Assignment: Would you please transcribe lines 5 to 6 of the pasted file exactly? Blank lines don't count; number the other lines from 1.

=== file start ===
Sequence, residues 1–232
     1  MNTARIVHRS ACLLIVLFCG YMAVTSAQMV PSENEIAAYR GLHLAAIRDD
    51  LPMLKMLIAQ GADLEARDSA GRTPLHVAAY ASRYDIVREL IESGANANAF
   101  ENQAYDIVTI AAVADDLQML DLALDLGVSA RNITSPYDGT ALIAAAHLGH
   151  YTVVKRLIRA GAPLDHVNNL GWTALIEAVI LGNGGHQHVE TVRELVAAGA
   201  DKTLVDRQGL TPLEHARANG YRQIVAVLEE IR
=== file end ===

   151  YTVVKRLIRA GAPLDHVNNL GWTALIEAVI LGNGGHQHVE TVRELVAAGA
   201  DKTLVDRQGL TPLEHARANG YRQIVAVLEE IR